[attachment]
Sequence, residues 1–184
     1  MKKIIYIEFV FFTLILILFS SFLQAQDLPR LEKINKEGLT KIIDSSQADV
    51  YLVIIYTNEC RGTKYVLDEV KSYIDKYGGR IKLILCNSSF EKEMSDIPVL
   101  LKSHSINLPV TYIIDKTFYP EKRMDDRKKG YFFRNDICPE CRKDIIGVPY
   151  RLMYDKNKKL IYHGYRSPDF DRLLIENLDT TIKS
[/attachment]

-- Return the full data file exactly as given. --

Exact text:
Sequence, residues 1–184
     1  MKKIIYIEFV FFTLILILFS SFLQAQDLPR LEKINKEGLT KIIDSSQADV
    51  YLVIIYTNEC RGTKYVLDEV KSYIDKYGGR IKLILCNSSF EKEMSDIPVL
   101  LKSHSINLPV TYIIDKTFYP EKRMDDRKKG YFFRNDICPE CRKDIIGVPY
   151  RLMYDKNKKL IYHGYRSPDF DRLLIENLDT TIKS